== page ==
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Sony Walkman NW-E015 Review


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Key Specifications

  • Review Price: £46.99

Sony has an enviable history in the entertainment electronics business. It has had fingers in most pies over the years, from TVs to hi-fi, games consoles and music publishing and along the way has produced some truly groundbreaking products.

But despite its undoubted pedigree the Japanese giant has managed to hobble itself completely in the digital music player market. This hasn’t been through any lack of engineering expertise. Every Sony digital player I’ve reviewed has had fantastic sound quality. But every one I’ve looked at has also forced owners to use Sony’s in-house SonicStage music transfer and management software. And whereas Apple has managed to make a virtue of this practice, Sony’s effort at matching it has always been dreadful.

Alas, the firm’s 2GB NW-E015 is no different to its predecessors in this respect. Despite the player’s USB thumb-drive design you cannot simply drag tracks to it from your hard drive, use Windows Media Player or any other player you might favour. The only way to transfer tracks to the NW-E015 is to fire up SonicStage CP 4.3, wait for a while for it to boot up…then wait for it to update information on the player…and then, when you try to copy your music across to it, wait for it to update the track information before finally getting around to performing the task at hand. And of course if any of your music is in WMA format, you’ll have to wait an extra few minutes while SonicStage transcodes it, reducing quality at the same time.

The waiting isn’t the end of it, though. Bizarrely, SonicStage doesn’t support file paths longer than 250 characters, so if you have a long name or some intricate folder structure leading to your Music folder, it’ll simply refused to transfer tracks. It won’t let you multitask either, stonewalling requests to browse the music library while performing the relatively simple task of transferring tracks to your device.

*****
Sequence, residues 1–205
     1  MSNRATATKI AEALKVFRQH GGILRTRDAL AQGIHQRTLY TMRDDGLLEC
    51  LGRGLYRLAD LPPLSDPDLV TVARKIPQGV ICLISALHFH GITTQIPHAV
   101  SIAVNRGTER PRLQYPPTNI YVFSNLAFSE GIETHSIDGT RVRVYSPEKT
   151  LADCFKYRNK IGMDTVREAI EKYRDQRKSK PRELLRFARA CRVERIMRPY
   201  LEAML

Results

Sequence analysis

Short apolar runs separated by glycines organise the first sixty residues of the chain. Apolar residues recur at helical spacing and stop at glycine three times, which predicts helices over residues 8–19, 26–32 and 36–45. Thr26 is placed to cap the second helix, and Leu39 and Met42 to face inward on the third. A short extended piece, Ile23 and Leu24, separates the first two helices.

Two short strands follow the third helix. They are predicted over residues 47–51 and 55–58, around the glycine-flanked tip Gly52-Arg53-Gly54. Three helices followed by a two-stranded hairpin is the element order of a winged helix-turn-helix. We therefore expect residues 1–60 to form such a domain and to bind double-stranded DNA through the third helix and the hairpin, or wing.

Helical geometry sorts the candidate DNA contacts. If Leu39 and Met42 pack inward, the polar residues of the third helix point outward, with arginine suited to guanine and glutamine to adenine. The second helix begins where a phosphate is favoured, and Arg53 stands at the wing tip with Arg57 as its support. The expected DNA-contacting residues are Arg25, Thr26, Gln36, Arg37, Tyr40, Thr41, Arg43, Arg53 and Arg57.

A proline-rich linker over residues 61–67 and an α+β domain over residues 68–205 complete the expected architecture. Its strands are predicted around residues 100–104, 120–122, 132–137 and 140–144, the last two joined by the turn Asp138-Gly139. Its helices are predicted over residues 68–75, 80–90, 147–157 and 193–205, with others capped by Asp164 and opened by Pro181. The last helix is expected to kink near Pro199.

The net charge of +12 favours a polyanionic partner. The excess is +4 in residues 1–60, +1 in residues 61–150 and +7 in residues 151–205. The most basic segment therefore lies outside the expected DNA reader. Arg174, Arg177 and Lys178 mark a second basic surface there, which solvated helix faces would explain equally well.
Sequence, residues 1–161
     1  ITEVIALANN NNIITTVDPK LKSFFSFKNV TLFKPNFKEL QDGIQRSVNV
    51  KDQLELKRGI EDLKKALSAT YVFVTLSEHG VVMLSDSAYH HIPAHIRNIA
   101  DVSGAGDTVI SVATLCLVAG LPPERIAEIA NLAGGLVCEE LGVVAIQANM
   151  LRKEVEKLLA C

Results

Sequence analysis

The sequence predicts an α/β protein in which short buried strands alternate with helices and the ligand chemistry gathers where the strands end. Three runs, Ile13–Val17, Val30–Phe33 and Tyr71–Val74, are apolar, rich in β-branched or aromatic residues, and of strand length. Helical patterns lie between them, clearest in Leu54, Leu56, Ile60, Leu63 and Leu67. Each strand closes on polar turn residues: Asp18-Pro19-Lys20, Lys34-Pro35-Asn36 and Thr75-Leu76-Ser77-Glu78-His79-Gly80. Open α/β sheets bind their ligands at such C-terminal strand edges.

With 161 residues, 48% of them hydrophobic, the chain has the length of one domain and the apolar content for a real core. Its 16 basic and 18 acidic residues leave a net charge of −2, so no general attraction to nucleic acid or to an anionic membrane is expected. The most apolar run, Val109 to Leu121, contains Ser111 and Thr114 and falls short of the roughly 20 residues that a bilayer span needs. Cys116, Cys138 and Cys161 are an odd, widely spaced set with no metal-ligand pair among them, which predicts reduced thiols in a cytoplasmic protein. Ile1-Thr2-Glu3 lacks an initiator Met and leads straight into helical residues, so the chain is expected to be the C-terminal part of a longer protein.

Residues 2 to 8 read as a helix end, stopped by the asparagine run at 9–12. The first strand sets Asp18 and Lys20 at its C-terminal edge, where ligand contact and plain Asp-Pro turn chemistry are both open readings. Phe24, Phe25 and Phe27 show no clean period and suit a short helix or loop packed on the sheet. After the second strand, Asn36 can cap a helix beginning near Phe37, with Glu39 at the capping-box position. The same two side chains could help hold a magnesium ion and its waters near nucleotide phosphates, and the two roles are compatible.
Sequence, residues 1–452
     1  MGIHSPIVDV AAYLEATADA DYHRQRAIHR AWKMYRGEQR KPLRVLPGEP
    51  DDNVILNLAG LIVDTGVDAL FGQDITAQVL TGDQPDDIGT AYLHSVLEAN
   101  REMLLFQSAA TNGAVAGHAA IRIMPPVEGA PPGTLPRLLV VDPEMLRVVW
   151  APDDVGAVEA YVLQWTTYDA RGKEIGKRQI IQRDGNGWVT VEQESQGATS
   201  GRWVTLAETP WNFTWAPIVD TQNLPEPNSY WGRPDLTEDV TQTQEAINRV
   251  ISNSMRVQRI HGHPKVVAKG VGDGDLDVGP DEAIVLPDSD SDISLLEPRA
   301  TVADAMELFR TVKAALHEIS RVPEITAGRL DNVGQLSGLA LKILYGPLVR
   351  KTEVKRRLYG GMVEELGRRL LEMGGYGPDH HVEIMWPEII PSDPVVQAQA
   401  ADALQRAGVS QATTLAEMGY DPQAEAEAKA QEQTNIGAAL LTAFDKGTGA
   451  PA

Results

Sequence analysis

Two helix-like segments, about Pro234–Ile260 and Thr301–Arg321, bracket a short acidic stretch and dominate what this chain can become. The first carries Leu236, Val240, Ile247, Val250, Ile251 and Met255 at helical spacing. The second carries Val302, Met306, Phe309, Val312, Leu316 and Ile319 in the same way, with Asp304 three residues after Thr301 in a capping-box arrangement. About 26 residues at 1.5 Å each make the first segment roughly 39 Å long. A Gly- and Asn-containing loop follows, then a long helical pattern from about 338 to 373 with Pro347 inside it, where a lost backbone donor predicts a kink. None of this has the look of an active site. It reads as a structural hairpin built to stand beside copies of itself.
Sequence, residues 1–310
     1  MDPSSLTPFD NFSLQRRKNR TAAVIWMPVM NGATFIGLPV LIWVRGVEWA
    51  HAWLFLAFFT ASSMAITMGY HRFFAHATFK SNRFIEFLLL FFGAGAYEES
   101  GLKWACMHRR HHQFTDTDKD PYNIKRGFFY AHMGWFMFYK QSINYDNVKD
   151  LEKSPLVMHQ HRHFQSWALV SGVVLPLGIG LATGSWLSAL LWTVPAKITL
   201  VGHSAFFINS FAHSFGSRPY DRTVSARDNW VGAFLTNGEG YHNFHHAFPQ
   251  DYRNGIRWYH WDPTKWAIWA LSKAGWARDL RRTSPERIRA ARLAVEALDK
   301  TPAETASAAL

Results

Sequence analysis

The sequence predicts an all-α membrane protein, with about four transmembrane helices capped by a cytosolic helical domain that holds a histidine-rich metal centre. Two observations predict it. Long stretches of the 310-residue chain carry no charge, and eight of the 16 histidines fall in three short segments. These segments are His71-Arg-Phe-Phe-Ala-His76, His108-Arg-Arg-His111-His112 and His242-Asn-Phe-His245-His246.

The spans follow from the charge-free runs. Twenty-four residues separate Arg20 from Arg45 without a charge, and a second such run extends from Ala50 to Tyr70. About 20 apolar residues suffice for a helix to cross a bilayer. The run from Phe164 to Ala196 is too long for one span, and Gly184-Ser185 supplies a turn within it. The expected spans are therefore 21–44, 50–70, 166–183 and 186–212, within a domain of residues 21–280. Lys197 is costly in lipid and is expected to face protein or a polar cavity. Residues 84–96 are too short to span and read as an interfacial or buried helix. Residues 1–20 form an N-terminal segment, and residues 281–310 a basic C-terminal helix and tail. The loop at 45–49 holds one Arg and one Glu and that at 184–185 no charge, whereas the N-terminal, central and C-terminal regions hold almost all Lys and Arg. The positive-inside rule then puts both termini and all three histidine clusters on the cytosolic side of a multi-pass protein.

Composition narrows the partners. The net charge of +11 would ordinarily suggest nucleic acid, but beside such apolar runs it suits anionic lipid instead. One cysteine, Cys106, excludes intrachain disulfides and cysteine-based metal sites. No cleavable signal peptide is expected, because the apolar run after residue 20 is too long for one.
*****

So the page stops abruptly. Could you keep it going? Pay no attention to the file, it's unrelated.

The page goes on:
Of course SonicStage isn’t all bad. You can use it to rip tracks to Advanced ATRAC lossless format and play them back, a codec which to my ears is every bit as good, if not a touch superior, to open source FLAC lossless files. It also exchanges stats on what you’ve been listening to and how often with the NW-E015, allowing it to build up an accurate picture of your favourite music without you having to rate each track by hand.

The hardware itself isn’t much to write home about either, at least in terms of looks and design. In fact most of the people I showed it to said the NW-E015 resembled a lipstick or tube of mascara more than a digital music player, which gives you an idea of the level of build quality and finish. With no retainer strap, you’ll almost certainly lose the lid that covers the integral USB plug and the small plastic buttons ranged along the edge of the player, with silver skip buttons built into the lid collar, make it fiddly to use.